After the 5K, there was plenty of time for more chat, yelling at kids, and general tomfoolery before the 10K and a bit of supporting. Some great running, great to see so many Stonehaven runners doing well and top performances from Fetchies. Well done to all.

Overall it was a good day out - a good run and great to see so many friends and so many of them beating PBs and having great runs. Unfortunately, the trip home was tedious in the extreme. After the walk to the car park (which took a long time thanks to three pairs of tired wee legs), I was hoping to scoot out through Easter Balmoral and take the hopefully quieter South Deeside Rd, at least as far as Ballater, but for some reason, we were instructed to turn the other way out of the car park and sit in the queue of traffic heading back towards the castle and then out via the main exit and onto the North Deeside Rd which was a solid queue of traffic. Not happy about that at all, but I'm guessing the organisers have some reason for doing it that way.

In any case it was a relief to get home and head out to get some take away beer and curry.

So, the 5K was the short. The long comes next week at the Highland Fling, which will be a completely different kettle of fish. Wish me luck. I think I'll need it.

Some pictures from Balmoral here

Monday, 21 March 2011

Another year older....

...but still no wiser, it seems.

Yes, it was my birthday last week and as a special present, my pal Dod held a wee race at the weekend. He called it the D33 aka The Jam Sandwich Race, but we all know that really it was the Shanksi Birthday Bash. He even managed to get heaps of wonderful people to come along: club mates, Fetchies, and all sorts of top quality distance runners.

He was even good enough to give me a nice simple job to do - get a photo of all the Stonehaven runners, preferably in club tops, before the start. Of course, I failed miserably with that one - there was far too much hand-shaking, hugging, and general faffing to be done, and it would have been like herding cats anyway. In any case there are some great photos in the collections here, here and here, and in several other places if you look hard enough.

The first half of the race went well: I ran with Dave_K for most of it and it went pretty much to plan, a very enjoyable just under 10:00/mile which was about the same pace as last year and felt good. It was nice to catch up with mrs s at the half way point - we'd had her in our sights a few times but despite me waving, she hadn't looked back. Refuelling was a tub of Muller Rice (which went down well) and some cold pizza (which I took one bite of and ditched the rest), and then Dave and I set off again at a very slightly reduced pace.

A couple of miles in we hit the wee climb up to the main road at Crathes and Dave pulled ahead as I slowed to a walk. Soon after, it was like the wheels fell off my running and I was finding it difficult to keep a half-decent pace going. Like last year, the 3 miles between Crathes and Drumoak seemed to go on and on for ever - it was nice to see Angus who did his best to raise my spirits but I was starting to feel tired and sore and having difficulty keeping any food or drink down (I think I might have neglected to eat for too long after the turn, but can't remember for sure) so it was tough going. A few folks passed me as I headed for home; very pleased to see Pdoll going strong but disappointed at that point to realise my chances of getting in in under 6 hours had completely disappeared. Still, I was on for a PB so kept going with a run/walk (too much walking). It was good to see Craig and Alex and to have a quick chat with them, but largely wanted to focus, keep my own company and just get to the finish. Which I did, eventually, and was delighted to see mrs s and the kids waiting for me, and to get beer and a medal from Dod. Once again, we had personalised beer from Brewdog, but this year, the medals were hand crafted by our friend Annette at Best race medals ever!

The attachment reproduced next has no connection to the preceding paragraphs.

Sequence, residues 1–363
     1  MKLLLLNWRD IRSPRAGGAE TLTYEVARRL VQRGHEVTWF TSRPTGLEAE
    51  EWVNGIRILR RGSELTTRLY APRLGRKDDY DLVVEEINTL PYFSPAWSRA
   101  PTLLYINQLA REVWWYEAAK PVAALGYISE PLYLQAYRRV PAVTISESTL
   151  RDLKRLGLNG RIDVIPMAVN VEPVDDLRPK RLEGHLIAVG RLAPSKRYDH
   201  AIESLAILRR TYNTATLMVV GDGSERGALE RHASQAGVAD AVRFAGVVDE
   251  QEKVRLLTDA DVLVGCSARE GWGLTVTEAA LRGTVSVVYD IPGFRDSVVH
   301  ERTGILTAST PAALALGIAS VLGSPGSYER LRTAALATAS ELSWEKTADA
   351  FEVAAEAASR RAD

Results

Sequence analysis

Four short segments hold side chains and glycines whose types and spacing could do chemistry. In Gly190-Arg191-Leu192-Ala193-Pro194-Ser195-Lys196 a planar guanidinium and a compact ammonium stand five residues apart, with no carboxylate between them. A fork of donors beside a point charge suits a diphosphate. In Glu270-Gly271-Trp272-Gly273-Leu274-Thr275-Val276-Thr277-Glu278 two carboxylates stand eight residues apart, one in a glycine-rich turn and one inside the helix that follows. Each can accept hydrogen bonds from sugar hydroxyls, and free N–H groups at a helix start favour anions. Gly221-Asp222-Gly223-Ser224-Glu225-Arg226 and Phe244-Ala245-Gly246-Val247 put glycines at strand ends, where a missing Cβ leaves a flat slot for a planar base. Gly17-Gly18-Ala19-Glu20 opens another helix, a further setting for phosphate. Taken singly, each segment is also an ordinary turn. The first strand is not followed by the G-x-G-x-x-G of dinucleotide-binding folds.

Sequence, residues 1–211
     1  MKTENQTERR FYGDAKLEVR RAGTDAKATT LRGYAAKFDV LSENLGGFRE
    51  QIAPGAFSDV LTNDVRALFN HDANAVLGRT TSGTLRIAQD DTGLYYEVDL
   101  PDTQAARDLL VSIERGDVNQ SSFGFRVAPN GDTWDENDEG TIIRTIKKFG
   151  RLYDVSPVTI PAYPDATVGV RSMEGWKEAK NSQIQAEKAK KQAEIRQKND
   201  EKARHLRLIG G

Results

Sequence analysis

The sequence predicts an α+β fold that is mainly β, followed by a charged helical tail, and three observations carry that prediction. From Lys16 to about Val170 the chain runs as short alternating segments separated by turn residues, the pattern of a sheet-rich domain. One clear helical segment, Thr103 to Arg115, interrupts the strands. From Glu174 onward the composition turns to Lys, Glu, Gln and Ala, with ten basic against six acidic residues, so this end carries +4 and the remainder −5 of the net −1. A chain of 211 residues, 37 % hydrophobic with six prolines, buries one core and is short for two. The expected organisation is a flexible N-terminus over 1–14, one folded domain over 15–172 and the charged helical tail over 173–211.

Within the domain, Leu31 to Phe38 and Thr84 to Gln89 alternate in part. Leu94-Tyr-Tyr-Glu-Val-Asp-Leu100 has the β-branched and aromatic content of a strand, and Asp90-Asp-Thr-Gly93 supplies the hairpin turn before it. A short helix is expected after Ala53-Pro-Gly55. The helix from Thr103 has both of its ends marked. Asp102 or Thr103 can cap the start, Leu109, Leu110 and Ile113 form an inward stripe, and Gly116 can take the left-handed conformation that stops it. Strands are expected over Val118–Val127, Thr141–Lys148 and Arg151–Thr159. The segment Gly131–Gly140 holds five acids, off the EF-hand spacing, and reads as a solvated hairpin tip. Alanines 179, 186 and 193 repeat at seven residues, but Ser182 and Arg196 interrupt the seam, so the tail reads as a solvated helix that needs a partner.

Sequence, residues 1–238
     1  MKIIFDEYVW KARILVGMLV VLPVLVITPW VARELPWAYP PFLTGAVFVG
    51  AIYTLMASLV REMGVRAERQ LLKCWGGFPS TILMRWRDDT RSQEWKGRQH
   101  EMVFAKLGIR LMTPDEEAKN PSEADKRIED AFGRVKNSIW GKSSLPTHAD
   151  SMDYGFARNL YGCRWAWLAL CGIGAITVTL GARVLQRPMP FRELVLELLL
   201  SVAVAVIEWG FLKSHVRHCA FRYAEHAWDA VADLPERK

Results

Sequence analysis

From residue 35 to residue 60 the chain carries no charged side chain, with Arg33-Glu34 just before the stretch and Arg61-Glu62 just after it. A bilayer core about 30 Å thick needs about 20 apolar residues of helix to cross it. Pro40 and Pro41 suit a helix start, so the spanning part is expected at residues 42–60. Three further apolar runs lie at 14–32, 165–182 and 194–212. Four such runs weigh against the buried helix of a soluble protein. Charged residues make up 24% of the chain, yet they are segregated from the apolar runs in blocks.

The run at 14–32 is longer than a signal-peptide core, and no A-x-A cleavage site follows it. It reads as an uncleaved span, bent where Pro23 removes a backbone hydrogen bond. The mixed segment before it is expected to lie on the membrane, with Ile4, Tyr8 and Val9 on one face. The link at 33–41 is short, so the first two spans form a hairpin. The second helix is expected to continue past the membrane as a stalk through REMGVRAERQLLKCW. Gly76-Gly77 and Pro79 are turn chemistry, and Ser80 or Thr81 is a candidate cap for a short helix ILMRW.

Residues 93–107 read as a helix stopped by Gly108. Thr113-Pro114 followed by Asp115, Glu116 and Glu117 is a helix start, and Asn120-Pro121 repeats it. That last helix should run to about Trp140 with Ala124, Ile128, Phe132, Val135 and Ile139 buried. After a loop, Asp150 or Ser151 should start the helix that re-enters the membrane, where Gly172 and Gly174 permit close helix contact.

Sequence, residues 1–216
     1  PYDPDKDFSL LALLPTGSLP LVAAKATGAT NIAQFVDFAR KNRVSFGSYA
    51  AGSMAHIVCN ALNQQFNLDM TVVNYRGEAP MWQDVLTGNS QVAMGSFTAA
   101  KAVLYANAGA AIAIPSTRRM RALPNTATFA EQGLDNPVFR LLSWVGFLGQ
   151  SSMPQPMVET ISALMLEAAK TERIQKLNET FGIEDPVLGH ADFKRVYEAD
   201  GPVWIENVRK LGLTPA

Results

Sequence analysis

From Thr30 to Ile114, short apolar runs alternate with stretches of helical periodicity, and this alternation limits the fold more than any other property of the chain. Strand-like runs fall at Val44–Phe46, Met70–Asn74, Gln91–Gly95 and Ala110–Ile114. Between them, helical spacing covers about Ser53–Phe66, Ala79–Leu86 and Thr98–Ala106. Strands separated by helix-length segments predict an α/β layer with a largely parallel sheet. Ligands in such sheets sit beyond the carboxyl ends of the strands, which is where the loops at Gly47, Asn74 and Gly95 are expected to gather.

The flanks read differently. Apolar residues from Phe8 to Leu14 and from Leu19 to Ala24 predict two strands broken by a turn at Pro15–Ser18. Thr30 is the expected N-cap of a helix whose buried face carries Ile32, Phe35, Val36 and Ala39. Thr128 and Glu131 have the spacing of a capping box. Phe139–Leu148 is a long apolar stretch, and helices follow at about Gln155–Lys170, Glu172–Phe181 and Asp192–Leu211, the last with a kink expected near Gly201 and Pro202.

I wasn't exactly sure of my time, mainly because I'd been relying on my phone for timing and pace information which was a bit stupid since I have difficulty reading the screen in daylight, but I was confident I'd beaten last years time, and thus made lots of betting Fetchies happy :)

Once I was able to walk again, we drove round to the Inn at the Park for a quick drink and a catch up before heading for home, food, a shower, and then back out to the pub for drinks.

Looking back, it was a top weekend and fantastic to see so many friends out enjoying themselves in the Aberdeen sunshine (and the Stonehaven pub light). I'm slightly disappointed with my time and the way my running fell to pieces a bit on the second half. I think I can do better so it's time for some quality training in the lead up to the Fling. I also need to have a rethink about eating and drinking - I've been using nuun tablets in my water but really wasn't enjoying the taste and might go for straight water plus electrolyte tablets that can just be necked rather than having them dissolved in the water.

Thanks again to Dod for putting on another great race and to all the marshalls and other helpers who made the race possible, and to everyone who ran and made it a grand day out, and also to everyone who came along to the pub and had a drink and a laugh and made it such a nice weekend. Cheers guys, you're all very special people. In more than one sense of the word.

Sunday, 13 March 2011


Two things are upsetting me about British Pie Week:

1) I only heard about it today, at the very end of the week, and have been unable to participate fully in any extra pastry encased food consumption.

2) It really should have been organised to coincide with Pi Day. I know that this year's arrangements could have potentially led to 8 full days of pi(e) related gluttony, but I just feel that Pie Week should include Pi Day.

In any case, I shall have to remember to buy a circular pie for my afternoon snack tomorrow.